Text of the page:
The bill “represents bipartisan negotiations for a national privacy law. It also reflects the work of privacy, civil rights and consumer advocates over the past decade,” the Electronic Frontier Foundation said in a statement. “Should this bill go ahead, we call on Congress to make this law stronger — not weaker — to ensure it doesn’t freeze progress on improving privacy rights, changing business practices through tough enforcement, and upending Americans’ privacy rights.” around the world have not affected country at present.”

While tech giants and the associations they belong to have fought tooth and nail against antitrust efforts and other efforts to regulate their business models, a few have adopted more conciliatory stances on privacy rules. Apple Inc. AAPL,
Chief Executive Tim Cook, a staunch supporter of consumer privacy laws, as demonstrated in a recent national example TV campaignHe quickly threw his company’s support behind the new bill.

Apple’s privacy ad – a not-too-subtle swipe at GOOGL by Meta and Alphabet Inc.,
Google – is a “brilliant campaign that plays well against the Google Pixel, which fails to give consumers the same level of privacy,” Nicole Penn, president of the EGC Group, told MarketWatch.

In-Depth: Facebook and Apple are at war, with the biggest battle yet to come

Meta, whose chief executive Mark Zuckerberg has repeatedly advocated some form of national privacy law over the years, declined to comment. Google and Amazon did not respond to email messages about privacy legislation.

Nearly unanimous support for national privacy legislation provides a political bookend for a bipartisan bill from Sen. Amy Klobuchar, D-Minn., which is facing fierce opposition from big tech and divided support on Capitol Hill. That’s because Klobuchar is American Innovation and Choice Online Act Attempts to curb digital monopoly, a hot topic in Silicon Valley that has been the subject of furious lobbying by Google, Inc. AMZN,
and tech trade groups to rescind it ahead of a scheduled vote this month.

On Wednesday, however, Klobuchar and lawmakers from both parties said they had the Senate votes needed to pass the bill. “We wouldn’t ask for a vote if we didn’t think we could get 60 votes,” Klobuchar said at a news conference.

Read more: After three years of promises, the attempt to regulate the technology boils down to a single bill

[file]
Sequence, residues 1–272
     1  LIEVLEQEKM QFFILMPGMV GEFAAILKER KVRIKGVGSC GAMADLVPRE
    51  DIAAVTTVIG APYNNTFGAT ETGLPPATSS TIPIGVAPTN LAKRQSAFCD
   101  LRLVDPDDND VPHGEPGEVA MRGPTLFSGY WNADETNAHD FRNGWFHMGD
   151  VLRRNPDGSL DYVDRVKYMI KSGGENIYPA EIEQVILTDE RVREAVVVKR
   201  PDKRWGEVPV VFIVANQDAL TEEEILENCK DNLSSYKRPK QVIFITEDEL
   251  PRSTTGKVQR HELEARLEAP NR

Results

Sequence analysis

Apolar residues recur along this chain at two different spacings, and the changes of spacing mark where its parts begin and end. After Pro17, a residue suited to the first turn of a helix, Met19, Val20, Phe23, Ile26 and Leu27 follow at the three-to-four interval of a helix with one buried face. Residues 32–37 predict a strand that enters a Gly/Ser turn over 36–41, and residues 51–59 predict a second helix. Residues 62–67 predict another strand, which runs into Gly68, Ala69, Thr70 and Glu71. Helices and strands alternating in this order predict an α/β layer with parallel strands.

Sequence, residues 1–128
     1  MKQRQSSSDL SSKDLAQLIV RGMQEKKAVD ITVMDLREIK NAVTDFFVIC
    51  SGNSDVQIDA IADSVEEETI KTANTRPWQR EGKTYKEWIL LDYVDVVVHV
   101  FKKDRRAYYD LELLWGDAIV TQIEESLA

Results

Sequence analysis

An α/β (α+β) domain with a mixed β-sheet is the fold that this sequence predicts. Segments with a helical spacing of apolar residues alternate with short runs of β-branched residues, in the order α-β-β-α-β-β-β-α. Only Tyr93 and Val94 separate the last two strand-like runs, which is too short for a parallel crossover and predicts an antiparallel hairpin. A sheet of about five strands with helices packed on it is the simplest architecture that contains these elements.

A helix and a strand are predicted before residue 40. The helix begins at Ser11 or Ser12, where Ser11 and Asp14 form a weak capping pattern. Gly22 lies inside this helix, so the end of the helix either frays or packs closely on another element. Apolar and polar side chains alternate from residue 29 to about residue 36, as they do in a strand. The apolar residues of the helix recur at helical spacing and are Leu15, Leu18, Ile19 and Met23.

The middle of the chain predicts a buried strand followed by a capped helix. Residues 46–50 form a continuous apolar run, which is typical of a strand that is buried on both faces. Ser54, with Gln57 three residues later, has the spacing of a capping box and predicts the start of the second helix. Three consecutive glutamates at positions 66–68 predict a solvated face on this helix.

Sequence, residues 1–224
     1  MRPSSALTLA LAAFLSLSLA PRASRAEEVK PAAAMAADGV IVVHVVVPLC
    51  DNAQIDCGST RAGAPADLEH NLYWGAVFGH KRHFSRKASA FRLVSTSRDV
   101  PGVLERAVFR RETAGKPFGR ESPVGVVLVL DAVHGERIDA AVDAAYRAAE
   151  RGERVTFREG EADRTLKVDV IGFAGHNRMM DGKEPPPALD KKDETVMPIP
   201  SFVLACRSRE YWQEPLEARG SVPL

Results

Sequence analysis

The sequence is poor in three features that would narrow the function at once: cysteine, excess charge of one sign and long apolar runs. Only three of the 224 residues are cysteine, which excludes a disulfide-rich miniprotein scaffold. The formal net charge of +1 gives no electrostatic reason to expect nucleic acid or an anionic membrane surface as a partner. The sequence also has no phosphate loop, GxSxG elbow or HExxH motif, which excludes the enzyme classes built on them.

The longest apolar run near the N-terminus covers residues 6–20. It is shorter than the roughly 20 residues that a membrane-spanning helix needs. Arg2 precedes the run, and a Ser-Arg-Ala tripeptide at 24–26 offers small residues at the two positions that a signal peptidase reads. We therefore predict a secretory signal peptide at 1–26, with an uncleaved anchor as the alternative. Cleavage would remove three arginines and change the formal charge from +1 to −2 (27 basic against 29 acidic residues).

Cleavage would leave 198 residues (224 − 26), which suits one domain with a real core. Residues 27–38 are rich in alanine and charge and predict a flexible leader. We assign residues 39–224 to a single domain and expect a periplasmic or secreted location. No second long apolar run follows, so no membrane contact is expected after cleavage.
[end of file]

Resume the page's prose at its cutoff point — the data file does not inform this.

If there is common ground between the two parties, it will most likely focus on a national privacy law, says Michael Petricone, senior vice president of CTA, a nonprofit organization whose 1,500 members range from small companies to giants like Apple, Amazon and Google rich and facebook.

“The revised legislation still does not address significant concerns about our national security and global competitiveness,” Moore said. “Before we rush this into the Senate, we need a bipartisan hearing to examine the far-reaching implications of such a sweeping measure. There was no hearing with the FBI, NSA, or CIA to investigate potential security risks, despite continued warnings from security experts.”

As the days dwindle for a vote before Congress enters its summer recess in August, those in Silicon Valley and Capitol Hill are wondering why the tech legislation has failed to get a full vote, despite widespread aisle and electoral support.

See Also: Time is running out for Congress to pass tech legislation

The urgency and demand for technical regulation over the past year and in 2020 — as congressional hearings exacerbated data breaches, interference in online elections and content moderation — is amid the focus on gun control, abortion rights, the war in Ukraine, inflation and… Rumors of an impending recession faded. Should Republicans regain control of Congress as expected in the November midterm elections, consumer advocates and lawmakers expect an abrupt shift of regulatory interest to Section 230 of the Communications Decency Act and moderation of social media content. The long-awaited US privacy law appears to be back on track

Brian Lowry